Having arrived on the East of the Jordan, Moses, now at the close of his career, addressed discourses to the people, in which he earnestly exhorted them to live up to the high calling with which God had called them, in the land of which they were about to take possession. To this end he embodied in his discourse a statement of the Law by which they were to live. And then, as almost his last public act, he wrote "the words of this law in a book," and directed that the book should be placed "by the side of the ark of the covenant" (Deuteronomy 31:24-26). What now was this book? Was it Deuteronomy, in whole or in part? The most reasonable answer to this question is that the book actually written by Moses comprised at least the contents of Deuteronomy 5-26 and 28. Whether the whole or any parts of the remaining contents of Deuteronomy also formed part of this book, or were subsequently added to it, the whole being brought by a process of editing to our present Deuteronomy, is again a legitimate matter of inquiry.

Characteristics of Deuteronomy.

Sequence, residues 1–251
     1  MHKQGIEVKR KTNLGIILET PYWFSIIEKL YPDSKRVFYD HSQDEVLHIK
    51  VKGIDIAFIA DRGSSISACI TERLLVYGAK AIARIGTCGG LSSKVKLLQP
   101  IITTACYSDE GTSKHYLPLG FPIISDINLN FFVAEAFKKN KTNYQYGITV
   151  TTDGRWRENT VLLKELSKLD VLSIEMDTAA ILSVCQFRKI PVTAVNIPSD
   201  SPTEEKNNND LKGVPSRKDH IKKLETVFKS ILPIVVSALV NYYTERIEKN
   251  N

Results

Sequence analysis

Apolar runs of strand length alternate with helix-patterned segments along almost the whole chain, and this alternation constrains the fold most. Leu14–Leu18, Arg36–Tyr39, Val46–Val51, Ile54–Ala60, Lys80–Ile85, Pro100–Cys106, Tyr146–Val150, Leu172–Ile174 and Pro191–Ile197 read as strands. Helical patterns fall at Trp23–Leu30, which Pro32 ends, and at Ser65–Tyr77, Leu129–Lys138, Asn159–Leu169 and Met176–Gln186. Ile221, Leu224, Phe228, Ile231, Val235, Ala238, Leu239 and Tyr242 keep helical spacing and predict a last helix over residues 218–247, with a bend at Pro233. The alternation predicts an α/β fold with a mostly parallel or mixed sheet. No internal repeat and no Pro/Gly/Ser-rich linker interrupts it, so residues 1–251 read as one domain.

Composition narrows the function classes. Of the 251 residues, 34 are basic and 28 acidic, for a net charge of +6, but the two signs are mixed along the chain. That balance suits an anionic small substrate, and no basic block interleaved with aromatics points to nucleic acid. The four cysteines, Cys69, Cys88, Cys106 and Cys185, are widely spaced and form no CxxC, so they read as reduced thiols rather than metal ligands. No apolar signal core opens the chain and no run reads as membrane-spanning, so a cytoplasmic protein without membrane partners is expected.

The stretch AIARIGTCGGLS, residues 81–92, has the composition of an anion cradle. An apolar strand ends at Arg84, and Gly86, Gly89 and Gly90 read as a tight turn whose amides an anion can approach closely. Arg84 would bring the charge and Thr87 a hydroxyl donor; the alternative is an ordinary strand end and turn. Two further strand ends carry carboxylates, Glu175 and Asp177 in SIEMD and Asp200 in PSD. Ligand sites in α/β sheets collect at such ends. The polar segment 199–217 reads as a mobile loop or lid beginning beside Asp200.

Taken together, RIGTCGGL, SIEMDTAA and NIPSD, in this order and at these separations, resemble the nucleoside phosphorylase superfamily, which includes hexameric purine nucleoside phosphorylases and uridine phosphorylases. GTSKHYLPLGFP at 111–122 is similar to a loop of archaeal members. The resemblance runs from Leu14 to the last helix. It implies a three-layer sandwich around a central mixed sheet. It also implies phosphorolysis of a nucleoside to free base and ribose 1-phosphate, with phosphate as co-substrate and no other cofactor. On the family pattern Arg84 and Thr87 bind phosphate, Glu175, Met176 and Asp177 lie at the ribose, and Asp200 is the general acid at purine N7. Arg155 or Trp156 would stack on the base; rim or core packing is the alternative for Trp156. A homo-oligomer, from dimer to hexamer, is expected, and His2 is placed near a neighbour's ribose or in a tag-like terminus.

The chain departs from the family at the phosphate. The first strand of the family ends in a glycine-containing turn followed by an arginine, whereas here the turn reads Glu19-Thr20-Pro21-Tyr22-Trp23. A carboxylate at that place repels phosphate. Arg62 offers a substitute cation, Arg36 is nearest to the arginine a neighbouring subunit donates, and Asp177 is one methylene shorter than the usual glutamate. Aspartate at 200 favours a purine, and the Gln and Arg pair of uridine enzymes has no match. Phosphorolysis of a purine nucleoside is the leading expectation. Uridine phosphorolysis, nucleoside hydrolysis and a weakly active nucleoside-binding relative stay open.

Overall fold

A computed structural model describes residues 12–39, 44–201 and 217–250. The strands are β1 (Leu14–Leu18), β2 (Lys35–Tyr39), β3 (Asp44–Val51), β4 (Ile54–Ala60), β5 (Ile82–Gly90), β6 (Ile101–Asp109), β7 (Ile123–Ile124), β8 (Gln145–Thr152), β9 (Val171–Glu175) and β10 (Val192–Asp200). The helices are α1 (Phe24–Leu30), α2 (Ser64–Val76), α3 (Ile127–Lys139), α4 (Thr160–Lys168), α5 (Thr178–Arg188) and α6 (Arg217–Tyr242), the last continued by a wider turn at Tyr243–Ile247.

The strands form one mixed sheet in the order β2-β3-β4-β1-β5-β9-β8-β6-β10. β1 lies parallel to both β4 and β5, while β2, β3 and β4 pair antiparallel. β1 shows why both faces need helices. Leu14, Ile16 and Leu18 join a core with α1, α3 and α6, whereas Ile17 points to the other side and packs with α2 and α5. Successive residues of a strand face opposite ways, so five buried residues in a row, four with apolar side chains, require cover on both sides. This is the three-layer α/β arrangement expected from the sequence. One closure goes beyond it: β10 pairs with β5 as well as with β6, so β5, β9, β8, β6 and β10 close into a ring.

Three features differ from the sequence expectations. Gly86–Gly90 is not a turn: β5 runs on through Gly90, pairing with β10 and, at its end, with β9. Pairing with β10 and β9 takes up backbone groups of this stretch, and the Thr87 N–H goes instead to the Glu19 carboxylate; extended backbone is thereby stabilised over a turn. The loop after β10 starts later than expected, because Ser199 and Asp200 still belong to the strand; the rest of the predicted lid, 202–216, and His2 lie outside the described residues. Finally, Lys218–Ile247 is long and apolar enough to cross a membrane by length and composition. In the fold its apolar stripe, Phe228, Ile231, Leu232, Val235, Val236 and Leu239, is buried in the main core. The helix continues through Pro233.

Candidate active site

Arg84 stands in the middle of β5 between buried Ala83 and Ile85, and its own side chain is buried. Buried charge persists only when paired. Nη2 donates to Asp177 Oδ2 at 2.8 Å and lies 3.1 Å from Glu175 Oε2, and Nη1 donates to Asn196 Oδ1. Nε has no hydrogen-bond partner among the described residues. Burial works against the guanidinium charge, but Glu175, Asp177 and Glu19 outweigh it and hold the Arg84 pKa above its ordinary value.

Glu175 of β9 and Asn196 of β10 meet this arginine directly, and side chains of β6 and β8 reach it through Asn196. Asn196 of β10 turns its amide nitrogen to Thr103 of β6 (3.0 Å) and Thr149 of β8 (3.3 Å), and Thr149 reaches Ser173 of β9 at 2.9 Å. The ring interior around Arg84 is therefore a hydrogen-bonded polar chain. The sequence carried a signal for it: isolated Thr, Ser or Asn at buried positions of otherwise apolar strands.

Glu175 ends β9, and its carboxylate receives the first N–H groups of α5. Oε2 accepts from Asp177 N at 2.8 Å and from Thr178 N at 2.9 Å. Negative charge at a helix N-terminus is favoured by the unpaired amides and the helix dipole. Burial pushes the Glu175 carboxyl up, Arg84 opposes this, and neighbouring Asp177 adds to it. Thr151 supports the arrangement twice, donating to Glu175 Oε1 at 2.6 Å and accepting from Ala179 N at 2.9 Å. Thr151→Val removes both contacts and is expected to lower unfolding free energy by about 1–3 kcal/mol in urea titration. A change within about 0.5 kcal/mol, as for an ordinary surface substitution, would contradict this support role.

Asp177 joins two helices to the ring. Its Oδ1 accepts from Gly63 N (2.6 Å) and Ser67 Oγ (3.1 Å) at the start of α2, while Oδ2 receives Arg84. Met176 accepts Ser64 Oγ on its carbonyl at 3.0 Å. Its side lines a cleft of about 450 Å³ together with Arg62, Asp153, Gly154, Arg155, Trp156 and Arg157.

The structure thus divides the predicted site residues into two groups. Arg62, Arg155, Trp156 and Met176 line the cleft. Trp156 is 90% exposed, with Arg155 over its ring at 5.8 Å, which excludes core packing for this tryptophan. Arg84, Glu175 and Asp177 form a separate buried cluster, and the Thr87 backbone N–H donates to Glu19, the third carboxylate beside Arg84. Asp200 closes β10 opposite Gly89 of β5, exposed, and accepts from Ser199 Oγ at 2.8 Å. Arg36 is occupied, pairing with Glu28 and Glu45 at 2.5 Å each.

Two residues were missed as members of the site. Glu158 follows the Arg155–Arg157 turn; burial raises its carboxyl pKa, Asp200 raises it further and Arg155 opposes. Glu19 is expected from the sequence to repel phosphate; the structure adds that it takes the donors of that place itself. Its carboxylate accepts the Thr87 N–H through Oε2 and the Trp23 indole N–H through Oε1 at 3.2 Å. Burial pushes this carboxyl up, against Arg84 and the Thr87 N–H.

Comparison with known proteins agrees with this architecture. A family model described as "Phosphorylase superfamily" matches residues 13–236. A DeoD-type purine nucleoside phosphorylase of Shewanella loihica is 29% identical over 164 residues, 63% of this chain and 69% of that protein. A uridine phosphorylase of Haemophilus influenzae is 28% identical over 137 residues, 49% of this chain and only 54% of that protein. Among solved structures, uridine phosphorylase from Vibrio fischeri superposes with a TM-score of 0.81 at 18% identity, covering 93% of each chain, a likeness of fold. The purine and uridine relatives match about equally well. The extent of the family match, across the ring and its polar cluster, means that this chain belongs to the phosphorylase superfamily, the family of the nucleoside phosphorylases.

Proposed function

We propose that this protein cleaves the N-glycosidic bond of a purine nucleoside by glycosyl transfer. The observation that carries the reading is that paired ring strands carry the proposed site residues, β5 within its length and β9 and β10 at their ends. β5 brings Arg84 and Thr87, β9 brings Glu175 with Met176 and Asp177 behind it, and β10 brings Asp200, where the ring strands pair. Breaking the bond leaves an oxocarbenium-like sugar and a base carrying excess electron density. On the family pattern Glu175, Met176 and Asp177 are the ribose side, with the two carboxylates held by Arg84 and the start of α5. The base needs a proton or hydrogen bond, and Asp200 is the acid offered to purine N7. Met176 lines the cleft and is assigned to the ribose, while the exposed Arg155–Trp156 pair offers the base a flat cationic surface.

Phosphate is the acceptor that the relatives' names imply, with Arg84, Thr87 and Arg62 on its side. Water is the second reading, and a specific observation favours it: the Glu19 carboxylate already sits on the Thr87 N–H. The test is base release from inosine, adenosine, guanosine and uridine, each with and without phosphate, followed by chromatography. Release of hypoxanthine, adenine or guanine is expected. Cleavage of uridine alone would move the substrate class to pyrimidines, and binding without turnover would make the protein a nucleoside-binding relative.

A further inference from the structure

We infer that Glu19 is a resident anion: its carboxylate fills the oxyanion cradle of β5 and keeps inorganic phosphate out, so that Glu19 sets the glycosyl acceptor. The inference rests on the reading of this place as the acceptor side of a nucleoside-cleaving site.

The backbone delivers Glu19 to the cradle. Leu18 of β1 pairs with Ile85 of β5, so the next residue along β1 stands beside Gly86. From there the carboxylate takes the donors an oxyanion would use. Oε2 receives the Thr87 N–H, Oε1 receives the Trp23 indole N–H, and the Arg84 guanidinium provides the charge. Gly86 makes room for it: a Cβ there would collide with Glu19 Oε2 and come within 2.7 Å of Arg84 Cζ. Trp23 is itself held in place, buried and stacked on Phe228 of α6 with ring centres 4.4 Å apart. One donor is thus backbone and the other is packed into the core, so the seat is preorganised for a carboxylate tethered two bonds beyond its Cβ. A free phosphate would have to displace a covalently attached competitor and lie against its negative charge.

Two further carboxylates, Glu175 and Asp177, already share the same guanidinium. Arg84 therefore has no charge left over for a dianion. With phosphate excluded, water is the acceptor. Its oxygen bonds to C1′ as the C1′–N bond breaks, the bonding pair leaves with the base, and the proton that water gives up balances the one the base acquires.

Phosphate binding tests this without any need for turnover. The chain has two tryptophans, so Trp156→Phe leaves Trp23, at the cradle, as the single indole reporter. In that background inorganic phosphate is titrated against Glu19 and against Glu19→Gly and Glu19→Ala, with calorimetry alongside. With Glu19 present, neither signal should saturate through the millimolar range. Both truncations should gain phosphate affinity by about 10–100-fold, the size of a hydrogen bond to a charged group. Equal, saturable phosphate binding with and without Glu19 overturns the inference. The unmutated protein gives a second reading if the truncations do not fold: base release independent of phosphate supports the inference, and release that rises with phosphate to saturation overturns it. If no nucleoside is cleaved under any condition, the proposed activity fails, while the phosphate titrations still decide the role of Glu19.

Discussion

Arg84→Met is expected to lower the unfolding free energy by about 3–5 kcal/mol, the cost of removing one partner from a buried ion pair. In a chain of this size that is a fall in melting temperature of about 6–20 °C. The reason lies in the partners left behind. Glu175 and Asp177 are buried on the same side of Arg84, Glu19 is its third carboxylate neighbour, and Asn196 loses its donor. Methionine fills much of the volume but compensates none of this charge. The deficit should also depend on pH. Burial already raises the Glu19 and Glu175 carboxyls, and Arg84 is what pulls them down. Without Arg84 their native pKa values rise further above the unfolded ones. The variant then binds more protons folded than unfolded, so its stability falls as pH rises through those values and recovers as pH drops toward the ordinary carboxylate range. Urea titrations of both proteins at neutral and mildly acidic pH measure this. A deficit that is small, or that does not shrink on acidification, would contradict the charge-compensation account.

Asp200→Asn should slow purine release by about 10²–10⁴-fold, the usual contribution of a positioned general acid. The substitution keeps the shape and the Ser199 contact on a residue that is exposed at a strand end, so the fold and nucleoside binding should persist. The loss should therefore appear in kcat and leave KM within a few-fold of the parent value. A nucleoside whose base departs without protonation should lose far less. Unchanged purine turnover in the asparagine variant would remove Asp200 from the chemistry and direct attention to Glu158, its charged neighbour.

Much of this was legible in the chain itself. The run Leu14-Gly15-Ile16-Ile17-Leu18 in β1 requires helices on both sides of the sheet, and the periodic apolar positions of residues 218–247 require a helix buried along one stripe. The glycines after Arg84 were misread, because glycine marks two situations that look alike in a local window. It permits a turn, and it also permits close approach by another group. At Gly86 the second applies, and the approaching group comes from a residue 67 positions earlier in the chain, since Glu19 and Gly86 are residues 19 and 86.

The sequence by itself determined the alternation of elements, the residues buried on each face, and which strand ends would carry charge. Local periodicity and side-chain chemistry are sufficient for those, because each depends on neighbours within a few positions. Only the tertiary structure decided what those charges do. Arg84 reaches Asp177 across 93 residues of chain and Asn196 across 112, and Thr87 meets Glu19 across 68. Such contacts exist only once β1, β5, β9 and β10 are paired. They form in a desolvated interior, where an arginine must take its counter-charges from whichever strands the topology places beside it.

Regarding Deuteronomy 5-26 and 28 (with or without parts of other chapters) as the "book" of Deuteronomy 31:24-26, we find that it is a manual of instruction for the people at large-it is not a priest's manual. It deals with matters of morals, and of religion in its general principles, but only subordinately with matters of ritual: it warns against perils of idolatry and superstitious corruptions, common in the service of other gods, but which might by no means be mixed up with Yahweh's seryice: it insists upon righteous conduct between man and man, and very strongly inculcates humanity toward the poor and the dependent: it enjoins upon those in authority the impartial maintenance of right, as also fairness, moderation and mercy, in the administration of law and the infliction of punishment: it sets forth the fear of God as the guide of His people's actions, and the love of God in response to His mercy toward them. It does not lay down any scheme of ritual, though it gives rules (Deuteronomy 4:3-21) as to things which might not be eaten as unclean; it also gives directions as to the disposal of tithes (Deuteronomy 14:22-29; Deuteronomy 26:12); it enlarges upon the direction in the Law of the Covenant for the observance of the three "feasts," adding to this the observance of the Passover (Deuteronomy 16); it lays down a law (expressed conditionally) restricting to one sanctuary the offering of at least the more solemn sacrifices (Deuteronomy 12); and it frequently inculcates liberality toward the Levites, both on account of the sacred services rendered by them, their dispersal among the tribes, and the precarious character of their livelihood. Like the Law of the Covenant it assumes the existence of an accustomed ceremonial, and it is remarkable that when there is occasion to do so it makes use of phraseology (Deuteronomy 12) similar to that of the ritual laws of Moses in Leviticus and Numbers.